Skip to main content


SOC2058 : Understanding Social Change and Transformation

  • Offered for Year: 2020/21
  • Module Leader(s): Dr Emma Clavering
  • Lecturer: Dr Lisa Garforth
  • Owning School: Geography, Politics & Sociology
  • Teaching Location: Newcastle City Campus
Semester 1 Credit Value: 20
ECTS Credits: 10.0


This module is an introduction to the history of ideas in sociology and in anthropology, exploring some of the main theoretical traditions in the two disciplines as they have developed over the past century and more. Taking a broadly chronological approach, we examine in turn how these disciplines emerged as distinctive approaches for trying to understand our changing world, and how their founding assumptions and ideas have been challenged and revised over the course of the twentieth and twenty-first centuries.

Classical sociology and social anthropology came into being in response to and as part of the major transformation in the Western world that we call modernity, a set of historical shifts associated with the rise of rationality and science, industrial production and urbanisation, democracy and the nation- state, capitalism and individualism. Classical sociology was born out of attempts of European white men to describe and analyse changes within their own societies, and to do so systematically - even scientifically. Social anthropology, on the other hand, developed out of a fascination with the (often colonial) other, with forms of social organisation, institutions, practices and ways of being that were profoundly different from the West. But how could these different systems be understood?

This module aims to examine how we can use enduring traditions and ongoing theoretical debates in sociology and social anthropology to understand a changing and increasingly globalising world. Is the idea of ‘modernity’ still relevant to understanding societies and social change? Is it still possible to understand societies near and far objectively – was it ever? Are we moving into a new era ‘after’ modernity? What frameworks and ideas do we need to understand a range of contemporary societies, their institutions and ideas, and the identities and forms of life they offer us?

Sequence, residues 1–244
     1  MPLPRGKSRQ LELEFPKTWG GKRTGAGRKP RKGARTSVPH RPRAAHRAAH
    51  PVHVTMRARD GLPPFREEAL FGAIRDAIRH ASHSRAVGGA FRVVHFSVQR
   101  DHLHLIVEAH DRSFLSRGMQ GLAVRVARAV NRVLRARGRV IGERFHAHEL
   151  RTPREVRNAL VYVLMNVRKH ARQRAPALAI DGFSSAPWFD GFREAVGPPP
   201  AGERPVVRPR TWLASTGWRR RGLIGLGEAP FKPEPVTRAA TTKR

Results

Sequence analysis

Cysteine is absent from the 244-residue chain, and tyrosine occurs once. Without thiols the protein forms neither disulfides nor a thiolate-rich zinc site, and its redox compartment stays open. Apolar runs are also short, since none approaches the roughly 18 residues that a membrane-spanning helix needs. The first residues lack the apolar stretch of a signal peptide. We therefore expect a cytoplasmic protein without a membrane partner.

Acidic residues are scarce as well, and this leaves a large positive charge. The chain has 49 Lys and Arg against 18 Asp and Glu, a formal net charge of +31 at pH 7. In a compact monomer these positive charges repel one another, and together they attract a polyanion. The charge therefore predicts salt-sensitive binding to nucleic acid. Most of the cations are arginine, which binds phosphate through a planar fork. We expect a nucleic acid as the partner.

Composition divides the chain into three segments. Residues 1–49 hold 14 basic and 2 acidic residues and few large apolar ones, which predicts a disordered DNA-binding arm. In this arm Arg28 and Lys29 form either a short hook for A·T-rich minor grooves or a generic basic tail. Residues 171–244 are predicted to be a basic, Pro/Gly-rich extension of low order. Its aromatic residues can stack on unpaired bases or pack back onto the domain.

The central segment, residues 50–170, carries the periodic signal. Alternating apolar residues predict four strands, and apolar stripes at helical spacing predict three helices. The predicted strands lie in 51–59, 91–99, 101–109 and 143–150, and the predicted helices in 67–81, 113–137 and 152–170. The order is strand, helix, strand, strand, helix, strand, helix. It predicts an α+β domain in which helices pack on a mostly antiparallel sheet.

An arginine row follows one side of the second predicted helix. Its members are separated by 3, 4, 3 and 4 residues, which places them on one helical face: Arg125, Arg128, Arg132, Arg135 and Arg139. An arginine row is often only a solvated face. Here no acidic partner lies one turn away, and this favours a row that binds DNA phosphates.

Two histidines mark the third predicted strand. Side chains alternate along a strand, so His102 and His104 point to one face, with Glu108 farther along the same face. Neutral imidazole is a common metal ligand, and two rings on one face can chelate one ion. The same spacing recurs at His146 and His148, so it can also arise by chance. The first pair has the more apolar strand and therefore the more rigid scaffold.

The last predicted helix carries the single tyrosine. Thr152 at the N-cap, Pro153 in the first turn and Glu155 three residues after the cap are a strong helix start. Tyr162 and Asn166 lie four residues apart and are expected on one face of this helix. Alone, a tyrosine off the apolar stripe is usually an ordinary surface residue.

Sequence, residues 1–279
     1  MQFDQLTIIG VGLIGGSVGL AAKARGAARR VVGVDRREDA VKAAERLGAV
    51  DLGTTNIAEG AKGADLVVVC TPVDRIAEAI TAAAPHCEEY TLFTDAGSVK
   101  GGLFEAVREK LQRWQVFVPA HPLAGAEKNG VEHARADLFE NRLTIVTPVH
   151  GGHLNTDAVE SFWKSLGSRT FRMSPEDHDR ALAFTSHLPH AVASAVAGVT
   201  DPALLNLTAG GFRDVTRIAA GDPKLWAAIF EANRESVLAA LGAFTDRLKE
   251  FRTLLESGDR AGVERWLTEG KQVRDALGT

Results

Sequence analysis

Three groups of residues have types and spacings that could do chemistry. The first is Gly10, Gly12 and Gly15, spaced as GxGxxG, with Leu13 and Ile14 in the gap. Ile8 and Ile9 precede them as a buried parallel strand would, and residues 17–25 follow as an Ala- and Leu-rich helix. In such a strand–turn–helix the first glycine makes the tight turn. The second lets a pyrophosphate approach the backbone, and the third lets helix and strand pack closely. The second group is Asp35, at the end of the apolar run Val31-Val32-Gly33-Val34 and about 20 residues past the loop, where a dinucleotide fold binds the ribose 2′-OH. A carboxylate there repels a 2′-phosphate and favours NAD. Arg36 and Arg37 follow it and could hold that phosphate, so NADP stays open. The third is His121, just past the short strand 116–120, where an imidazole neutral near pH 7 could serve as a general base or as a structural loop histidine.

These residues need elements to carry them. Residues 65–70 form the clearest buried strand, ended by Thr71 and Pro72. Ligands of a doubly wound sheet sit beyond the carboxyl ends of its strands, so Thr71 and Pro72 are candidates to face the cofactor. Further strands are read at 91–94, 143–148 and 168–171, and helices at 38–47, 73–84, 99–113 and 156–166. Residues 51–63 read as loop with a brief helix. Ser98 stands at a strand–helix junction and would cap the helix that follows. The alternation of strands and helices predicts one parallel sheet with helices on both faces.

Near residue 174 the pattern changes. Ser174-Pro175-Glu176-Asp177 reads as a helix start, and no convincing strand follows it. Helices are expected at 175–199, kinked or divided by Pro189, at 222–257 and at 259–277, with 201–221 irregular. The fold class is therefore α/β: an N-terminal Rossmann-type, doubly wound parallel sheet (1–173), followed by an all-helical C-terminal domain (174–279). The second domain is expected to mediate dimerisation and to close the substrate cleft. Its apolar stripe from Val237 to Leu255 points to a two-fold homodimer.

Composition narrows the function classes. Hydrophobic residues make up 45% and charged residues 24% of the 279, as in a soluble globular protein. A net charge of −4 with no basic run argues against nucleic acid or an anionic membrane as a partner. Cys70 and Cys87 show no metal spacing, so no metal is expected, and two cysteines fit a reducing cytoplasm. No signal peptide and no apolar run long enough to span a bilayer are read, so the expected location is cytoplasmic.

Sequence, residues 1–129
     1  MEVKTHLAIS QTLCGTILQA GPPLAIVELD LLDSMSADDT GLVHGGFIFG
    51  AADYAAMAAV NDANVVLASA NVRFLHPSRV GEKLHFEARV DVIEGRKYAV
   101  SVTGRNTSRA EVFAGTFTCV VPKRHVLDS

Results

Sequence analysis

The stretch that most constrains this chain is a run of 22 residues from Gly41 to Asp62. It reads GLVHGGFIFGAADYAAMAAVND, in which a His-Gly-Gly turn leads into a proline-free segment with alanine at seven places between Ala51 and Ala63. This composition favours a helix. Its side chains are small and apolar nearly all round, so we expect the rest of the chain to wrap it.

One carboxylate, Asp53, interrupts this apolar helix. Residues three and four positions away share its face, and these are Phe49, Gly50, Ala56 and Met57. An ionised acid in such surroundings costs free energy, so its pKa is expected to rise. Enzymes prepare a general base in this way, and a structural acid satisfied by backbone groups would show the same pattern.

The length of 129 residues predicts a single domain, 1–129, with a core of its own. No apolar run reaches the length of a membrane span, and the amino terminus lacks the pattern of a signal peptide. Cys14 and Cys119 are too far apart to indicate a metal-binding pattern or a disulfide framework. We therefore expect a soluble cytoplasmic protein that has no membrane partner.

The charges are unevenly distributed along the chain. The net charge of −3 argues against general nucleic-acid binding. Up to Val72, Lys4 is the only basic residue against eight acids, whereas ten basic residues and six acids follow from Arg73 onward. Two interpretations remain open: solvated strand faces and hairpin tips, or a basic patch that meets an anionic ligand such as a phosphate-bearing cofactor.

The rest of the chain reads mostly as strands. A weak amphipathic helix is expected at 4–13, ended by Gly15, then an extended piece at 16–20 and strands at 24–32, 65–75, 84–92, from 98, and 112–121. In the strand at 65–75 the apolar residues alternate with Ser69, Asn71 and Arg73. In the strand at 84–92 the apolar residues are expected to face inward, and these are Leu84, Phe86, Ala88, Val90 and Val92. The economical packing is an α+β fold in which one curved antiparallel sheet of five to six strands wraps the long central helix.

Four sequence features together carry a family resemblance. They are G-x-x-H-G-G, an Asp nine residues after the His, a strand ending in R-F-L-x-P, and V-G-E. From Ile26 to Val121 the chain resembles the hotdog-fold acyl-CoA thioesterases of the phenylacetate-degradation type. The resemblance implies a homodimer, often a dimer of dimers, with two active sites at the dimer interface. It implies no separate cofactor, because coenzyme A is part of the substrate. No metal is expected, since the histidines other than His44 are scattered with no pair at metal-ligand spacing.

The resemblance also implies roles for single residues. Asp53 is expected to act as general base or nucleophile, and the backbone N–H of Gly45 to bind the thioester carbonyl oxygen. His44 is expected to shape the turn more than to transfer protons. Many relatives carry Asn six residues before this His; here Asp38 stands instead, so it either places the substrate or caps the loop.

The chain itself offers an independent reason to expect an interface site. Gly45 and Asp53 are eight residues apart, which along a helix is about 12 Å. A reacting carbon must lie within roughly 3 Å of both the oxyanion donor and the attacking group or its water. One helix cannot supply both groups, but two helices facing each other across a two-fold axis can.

Outline Of Syllabus

The module introduces the key ideas and concerns that have made and remade sociology and social anthropology, focusing particularly on how the two disciplines have made sense of social change and transformation. The module explores the two disciplines in a dialogic way, considering shared questions about what constitutes the social, how we make sense of social change, how we understand to fluid subjectivities and identities, the role of culture in social life, and the status (scientific or otherwise) of sociological and anthropological knowledges.

The module covers sociology and social anthropology in two distinct blocks, taking each discipline in turn to consider ways in which the changing social world has shaped and informed how we understand and interpret events, and consider what is possible, and what is desirable. In both blocks we will take a broadly chronological approach around 4 key ‘moments’ to: examine modernity as a concept; follow the emergence, and development of classical theories; acknowledge and reflect on changing ideas and challenges to white-male-euro-centric imperialism; and, consider this legacy for post-modern, post-colonialist, post-structuralist thought. Where appropriate, each ‘moment’ will be illuminated through case studies, including films and video footage.

Teaching Methods

Module leaders are revising this content in light of the Covid 19 restrictions.
Revised and approved detail information will be available by 17 August.

Assessment Methods

Module leaders are revising this content in light of the Covid 19 restrictions.
Revised and approved detail information will be available by 17 August.

Reading Lists